That's cool stuff. Cincinnati is a fossil hotbed for early aquatic life. I've never went to any of the dig sites, though. This summer I hope to visit the fossil museum in Gray, TN. They have primarily mammals from the Miocene. I would like to specialize in Miocene primates in grad school. This means I'll definitely have to do my fair share of digging too.
Visit this user's website Find all posts by this user
Like Post Quote this message in a reply
[+] 1 user Likes ghostexorcist's post
10-06-2013, 11:24 AM
Re: Paleo story of the week
I'm around. I have been happy to see other people posting some fossil-related information for the last few weeks without any need for prodding from me.

As for Wyoming, some of the earliest fossils for horse fossils are out that way. There is a formation (the name escapes me at the moment) that is red and white striped like a candy-cane where the fossils came out of. Very cool. The Green River Fm is fantastic, but I have never had the privilege of collecting from it. I have however collected numerous belemnites from the Sundance Fm (the Sundance sea in the Triassic) and some gastroliths from the Morrison/Cloverly Fm (Jurassic). These are both vast in the Central-Western WY and the Morrison is famous all across the West for dinosaurs.

I have never been to the Gray fossil site in East Tennessee , but I know of it. There is a place in western (kind of central) Tennessee near Parsons, TN called the Coon Creek Fm, which is Creteacous. You can get shells that still have the original nacre on them and the occasional crab or ammonite with a mesosaur tooth mark on it (mesosaur remains too!). I don't know how easy it is to collect in it without permission from Michael Gibson at UT-Martin though. There is also a quarry of Devonian rocks (the Ross Fm) near Parsons where you can get bryozoans, brachiopods, and nautiloids. The cool thing about these rocks is that some of the limestone is green from glauconite (a mineral derived from fecal pellets). That quarry may allow you to collect in some sections if you sign a waiver of liability. It would help to have some university affiliation, but they may not care. Some of that stuff may be scattered along the road and there may be outcrops. But that is 5-6 hours away from Chattanooga, so even further from the Grey fossil site.

Being nice is something stupid people do to hedge their bets
-Rick
Find all posts by this user
Like Post Quote this message in a reply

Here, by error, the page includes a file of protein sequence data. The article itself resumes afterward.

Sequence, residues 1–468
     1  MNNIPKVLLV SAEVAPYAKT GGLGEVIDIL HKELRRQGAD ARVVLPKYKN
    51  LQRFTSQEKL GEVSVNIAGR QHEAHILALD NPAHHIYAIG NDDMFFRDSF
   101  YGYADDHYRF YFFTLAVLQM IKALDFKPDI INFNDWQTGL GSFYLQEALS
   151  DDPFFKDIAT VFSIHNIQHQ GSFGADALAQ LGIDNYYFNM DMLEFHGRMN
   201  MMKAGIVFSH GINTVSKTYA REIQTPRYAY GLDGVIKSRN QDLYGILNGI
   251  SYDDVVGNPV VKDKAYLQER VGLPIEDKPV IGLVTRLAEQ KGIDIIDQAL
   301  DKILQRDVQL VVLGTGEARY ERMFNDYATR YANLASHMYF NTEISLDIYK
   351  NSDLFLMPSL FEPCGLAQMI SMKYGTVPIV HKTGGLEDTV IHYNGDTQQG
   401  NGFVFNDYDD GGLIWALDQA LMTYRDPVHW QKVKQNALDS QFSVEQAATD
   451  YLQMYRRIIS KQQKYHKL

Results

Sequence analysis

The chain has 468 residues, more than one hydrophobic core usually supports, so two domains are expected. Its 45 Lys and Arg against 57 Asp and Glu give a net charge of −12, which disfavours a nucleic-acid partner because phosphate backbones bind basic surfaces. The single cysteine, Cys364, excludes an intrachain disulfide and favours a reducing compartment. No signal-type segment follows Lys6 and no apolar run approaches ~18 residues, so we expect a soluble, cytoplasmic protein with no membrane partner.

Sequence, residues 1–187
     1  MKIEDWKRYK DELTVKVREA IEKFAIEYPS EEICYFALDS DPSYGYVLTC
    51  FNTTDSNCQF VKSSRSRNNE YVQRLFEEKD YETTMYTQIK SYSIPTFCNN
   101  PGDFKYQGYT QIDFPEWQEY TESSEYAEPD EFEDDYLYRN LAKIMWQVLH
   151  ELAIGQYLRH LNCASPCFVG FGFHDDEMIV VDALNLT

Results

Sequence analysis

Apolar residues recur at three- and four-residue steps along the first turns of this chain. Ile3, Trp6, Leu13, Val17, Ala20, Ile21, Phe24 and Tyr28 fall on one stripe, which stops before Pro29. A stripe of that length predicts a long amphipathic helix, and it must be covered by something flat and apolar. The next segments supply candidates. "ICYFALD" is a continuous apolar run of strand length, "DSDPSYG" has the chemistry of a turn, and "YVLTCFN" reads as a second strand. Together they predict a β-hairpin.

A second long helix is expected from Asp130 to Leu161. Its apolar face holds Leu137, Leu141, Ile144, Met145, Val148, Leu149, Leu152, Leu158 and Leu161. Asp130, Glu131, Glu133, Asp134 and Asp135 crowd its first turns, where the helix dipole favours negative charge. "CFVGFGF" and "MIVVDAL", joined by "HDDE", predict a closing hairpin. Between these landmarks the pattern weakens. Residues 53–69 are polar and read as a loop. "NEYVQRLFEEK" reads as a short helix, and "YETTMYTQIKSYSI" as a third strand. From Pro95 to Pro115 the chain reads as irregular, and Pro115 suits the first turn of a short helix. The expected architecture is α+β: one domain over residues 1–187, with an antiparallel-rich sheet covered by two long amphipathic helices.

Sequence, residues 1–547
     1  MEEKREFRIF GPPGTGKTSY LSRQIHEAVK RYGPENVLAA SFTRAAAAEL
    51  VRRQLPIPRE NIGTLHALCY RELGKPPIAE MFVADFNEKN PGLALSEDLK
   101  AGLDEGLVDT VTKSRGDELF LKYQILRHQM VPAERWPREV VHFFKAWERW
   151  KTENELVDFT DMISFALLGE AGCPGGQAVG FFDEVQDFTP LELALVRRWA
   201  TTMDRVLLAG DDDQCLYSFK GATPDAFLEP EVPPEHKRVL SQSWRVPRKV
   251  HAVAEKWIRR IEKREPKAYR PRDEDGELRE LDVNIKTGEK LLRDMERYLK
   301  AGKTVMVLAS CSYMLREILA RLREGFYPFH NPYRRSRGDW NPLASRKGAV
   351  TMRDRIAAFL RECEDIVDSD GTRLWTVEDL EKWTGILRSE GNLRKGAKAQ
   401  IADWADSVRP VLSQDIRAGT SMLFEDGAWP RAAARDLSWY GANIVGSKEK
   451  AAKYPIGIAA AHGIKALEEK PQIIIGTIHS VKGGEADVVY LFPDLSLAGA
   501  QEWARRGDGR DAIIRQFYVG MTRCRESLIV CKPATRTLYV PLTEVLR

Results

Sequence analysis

[+] 1 user Likes TheBeardedDude's post
10-06-2013, 11:46 AM
RE: Paleo story of the week
(10-06-2013 11:01 AM)ghostexorcist Wrote:  
(10-06-2013 10:45 AM)Full Circle Wrote:  I once spent a day digging up Eocene fish fossils in the Green River Wyoming area, very interesting. I'd chip out a piece of sandstone, look at the edge for any dark coloration, if there was any then I'd carefully tap the chisel there and it normally would open to reveal a fossilized fish!

Wish I would have found this horse instead!

http://www.livescience.com/37276-lost-wo...pid=527272

BTW I sure feel lonely on this thread, where is TheBeardedDude?

That's cool stuff. Cincinnati is a fossil hotbed for early aquatic life. I've never went to any of the dig sites, though. This summer I hope to visit the fossil museum in Gray, TN. They have primarily mammals from the Miocene. I would like to specialize in Miocene primates in grad school. This means I'll definitely have to do my fair share of digging too.

That's interesting that you would mention Cincinnati, I live there for four years and spent a great deal of time searching river beds. I have a box full of really cool fossils from there!

“I am quite sure now that often, very often, in matters concerning religion and politics a man’s reasoning powers are not above the monkey’s.”~Mark Twain
“Ocean: A body of water occupying about two-thirds of a world made for man - who has no gills.”~ Ambrose Bierce
Find all posts by this user
Like Post Quote this message in a reply
[+] 2 users Like Full Circle's post
10-06-2013, 12:52 PM
RE: Paleo story of the week
(10-06-2013 11:46 AM)Full Circle Wrote:  That's interesting that you would mention Cincinnati, I live there for four years and spent a great deal of time searching river beds. I have a box full of really cool fossils from there!

Awesome. There are a couple of books that have been written on the subject. This one is the most recent:

http://www.amazon.com/Sea-without-Fish-O...ti+fossils

I just found an AIG page that mentions all of the Cincinnati fossils were deposited by...GASP...the great flood!

http://www.answersingenesis.org/articles...ti-fossils
Visit this user's website Find all posts by this user
Like Post Quote this message in a reply
[+] 1 user Likes ghostexorcist's post
10-06-2013, 04:26 PM
RE: Paleo story of the week
This Knightia I purchased from the land owner since I didn't find any specimens that beautiful.

[attachment=1417]

@ghostex - the Great Flood huh? Frusty

“I am quite sure now that often, very often, in matters concerning religion and politics a man’s reasoning powers are not above the monkey’s.”~Mark Twain
“Ocean: A body of water occupying about two-thirds of a world made for man - who has no gills.”~ Ambrose Bierce
Find all posts by this user
Like Post Quote this message in a reply
[+] 1 user Likes Full Circle's post
10-06-2013, 08:37 PM
RE: Paleo story of the week
(10-06-2013 04:26 PM)Full Circle Wrote:  This Knightia I purchased from the land owner since I didn't find any specimens that beautiful.

@ghostex - the Great Flood huh? Frusty

That is gorgeous.
Visit this user's website Find all posts by this user
Like Post Quote this message in a reply
Post Reply
Forum Jump: